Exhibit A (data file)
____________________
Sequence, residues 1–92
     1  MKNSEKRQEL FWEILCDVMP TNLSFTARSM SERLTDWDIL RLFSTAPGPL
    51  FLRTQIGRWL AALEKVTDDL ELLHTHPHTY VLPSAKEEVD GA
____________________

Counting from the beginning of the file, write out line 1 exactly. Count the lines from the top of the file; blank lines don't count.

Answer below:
Sequence, residues 1–92